Gayasur implored the Lord for food and Vishnu said he would not die of hunger and whosoever would offer him food would gain salvation. This is the reason why people go there to do the “Pind-Daan” of their departed loved ones.

 On the other side of the river lies the Sujata Stupa which is dedicated to the milkmaid who is said to have given milk and rice to Gautama Buddha after he recuperated in a village near the river after meditating and practicing asceticism for seven years.

 

Both these rivers have played a significant role in upholding the religious significance of their respective regions and have an important role in promoting tourism. Bodh Gaya and Ayodhya have slowly become popular places to visit due to their cultural heritage.

 

As recent as last year the decision to create a Mandir-Masjid in Ayodhya has been seen as a way to promote religious harmony after decades of conflict between the two communities. The Ramayana Cruise which would give the tourists a perspective of the life during Rama’s lifespan would also commence on the river Sarayu to contribute to the promotion of tourism and an upcoming international airport there is designed to encourage visitors from other nations to visit and explore the life in the region.

 

The government needs to support the endeavors in both these regions and include local organizations to come together to clean and protect the rivers and make it eco-friendly for the visitors and the industries which would like to come and set up their businesses in these areas.

Both the rivers Sarayu and Falgu were cursed in ancient times but in the present-day context, they remain cursed because of the high levels of pollution which are gradually leading to their collapse.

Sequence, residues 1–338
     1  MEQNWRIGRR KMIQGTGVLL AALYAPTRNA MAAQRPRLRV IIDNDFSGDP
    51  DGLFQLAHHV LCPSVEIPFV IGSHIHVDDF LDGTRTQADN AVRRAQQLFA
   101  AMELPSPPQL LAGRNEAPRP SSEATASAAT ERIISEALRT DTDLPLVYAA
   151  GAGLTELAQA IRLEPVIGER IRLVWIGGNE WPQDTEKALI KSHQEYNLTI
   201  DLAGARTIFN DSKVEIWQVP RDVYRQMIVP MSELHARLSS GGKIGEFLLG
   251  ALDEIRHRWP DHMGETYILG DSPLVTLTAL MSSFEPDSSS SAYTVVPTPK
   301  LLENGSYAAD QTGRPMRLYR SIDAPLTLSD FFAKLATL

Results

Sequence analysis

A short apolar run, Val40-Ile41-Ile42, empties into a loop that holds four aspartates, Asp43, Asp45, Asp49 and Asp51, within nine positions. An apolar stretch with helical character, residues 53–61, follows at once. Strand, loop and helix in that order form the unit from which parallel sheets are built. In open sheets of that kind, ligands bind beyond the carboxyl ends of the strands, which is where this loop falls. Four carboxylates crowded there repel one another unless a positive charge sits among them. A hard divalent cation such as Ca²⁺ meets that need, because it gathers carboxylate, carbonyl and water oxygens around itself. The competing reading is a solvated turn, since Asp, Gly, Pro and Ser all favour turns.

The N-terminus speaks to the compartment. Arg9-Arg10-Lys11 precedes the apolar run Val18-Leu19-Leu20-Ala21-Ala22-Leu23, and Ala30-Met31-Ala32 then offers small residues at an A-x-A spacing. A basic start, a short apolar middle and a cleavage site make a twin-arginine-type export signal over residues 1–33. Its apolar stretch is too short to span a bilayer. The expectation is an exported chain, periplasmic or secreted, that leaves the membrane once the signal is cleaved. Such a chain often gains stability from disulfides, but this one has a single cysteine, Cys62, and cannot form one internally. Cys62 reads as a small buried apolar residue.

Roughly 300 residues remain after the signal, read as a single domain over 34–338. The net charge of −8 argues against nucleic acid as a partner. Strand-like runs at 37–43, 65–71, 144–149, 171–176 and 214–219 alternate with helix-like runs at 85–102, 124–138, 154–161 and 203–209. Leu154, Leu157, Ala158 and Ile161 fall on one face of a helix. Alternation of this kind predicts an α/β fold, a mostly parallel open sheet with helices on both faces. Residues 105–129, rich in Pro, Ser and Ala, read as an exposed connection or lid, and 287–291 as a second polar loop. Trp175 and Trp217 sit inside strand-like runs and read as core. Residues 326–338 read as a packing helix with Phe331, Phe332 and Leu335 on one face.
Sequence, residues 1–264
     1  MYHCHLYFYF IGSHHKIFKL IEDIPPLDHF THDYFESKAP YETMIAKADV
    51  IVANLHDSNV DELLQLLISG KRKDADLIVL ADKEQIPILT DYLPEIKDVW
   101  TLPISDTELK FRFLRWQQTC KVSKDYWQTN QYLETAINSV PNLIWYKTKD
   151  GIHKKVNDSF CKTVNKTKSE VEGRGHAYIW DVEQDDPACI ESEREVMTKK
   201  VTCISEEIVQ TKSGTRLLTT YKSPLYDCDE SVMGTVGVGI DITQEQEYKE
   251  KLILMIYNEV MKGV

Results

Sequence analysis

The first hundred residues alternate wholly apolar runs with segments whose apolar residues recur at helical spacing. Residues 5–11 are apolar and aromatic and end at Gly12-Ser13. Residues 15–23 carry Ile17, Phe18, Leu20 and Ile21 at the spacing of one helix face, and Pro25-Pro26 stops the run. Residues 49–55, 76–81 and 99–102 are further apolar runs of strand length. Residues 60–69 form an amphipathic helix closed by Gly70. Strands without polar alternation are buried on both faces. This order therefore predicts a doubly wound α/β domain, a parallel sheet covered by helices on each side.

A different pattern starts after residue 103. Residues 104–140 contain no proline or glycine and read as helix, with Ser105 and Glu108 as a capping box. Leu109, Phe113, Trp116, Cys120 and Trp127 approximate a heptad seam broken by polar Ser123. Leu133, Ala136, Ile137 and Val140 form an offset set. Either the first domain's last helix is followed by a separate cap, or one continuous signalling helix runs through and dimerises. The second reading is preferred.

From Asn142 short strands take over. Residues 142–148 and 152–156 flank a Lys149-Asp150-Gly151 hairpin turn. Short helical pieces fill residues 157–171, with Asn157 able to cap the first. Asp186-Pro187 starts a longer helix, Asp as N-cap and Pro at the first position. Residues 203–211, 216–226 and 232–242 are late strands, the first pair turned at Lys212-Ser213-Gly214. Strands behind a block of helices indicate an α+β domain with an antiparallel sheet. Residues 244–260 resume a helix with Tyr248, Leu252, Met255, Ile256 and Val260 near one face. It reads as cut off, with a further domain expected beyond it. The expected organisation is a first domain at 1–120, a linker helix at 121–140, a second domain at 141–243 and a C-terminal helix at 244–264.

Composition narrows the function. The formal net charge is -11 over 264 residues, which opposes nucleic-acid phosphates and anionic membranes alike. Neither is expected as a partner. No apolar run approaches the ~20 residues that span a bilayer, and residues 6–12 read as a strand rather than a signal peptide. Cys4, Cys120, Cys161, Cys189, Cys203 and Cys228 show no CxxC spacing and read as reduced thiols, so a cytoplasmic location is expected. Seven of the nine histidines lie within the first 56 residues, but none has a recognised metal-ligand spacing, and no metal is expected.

Some recommendations on encouraging tourism in the region around both the rivers are as follows:

Ø It has now been established through ancient texts that Ayodhya and Bodh Gaya are both centers of significant importance not only in Hinduism, Buddhism but Jainism also.

1.    Social media could well become a medium to promote the aspects of cultural significance and tourism.

2.     Encouraging the local travel agents to organize tourist meets or melas in important metropolitan cities in alliance with organizations like INTACH, Centre for Studies in Civilizations, Indian Council of Historical Research, etc., and spread awareness about the significance of Ayodhya and Bodh Gaya. Use of visual aids as also through storytelling sessions would be able to make a positive impact on future visitors as also the school-goers

Ø The importance of Ayodhya in the modern-day context has been heightened by the fact that alongside the development of Ramjanmbhoomi and the building of the Ram Temple equal importance is being given to the Babri Masjid. This reflects on the beautiful coming together of both Hinduism and Islam. It could well become a place of tourist importance from tourists across religions.

Ø Ancient texts also say that the first Tirthankara Adinath who pioneered Jainism also lived on the banks of River Sarayu in the city of Ayodhya

3.     Promote the involvement of local people to entertain tourists with local folklores as also to introduce them to local produce like handicrafts, textiles, and cuisine. This would subsequently aid the economic growth in the region.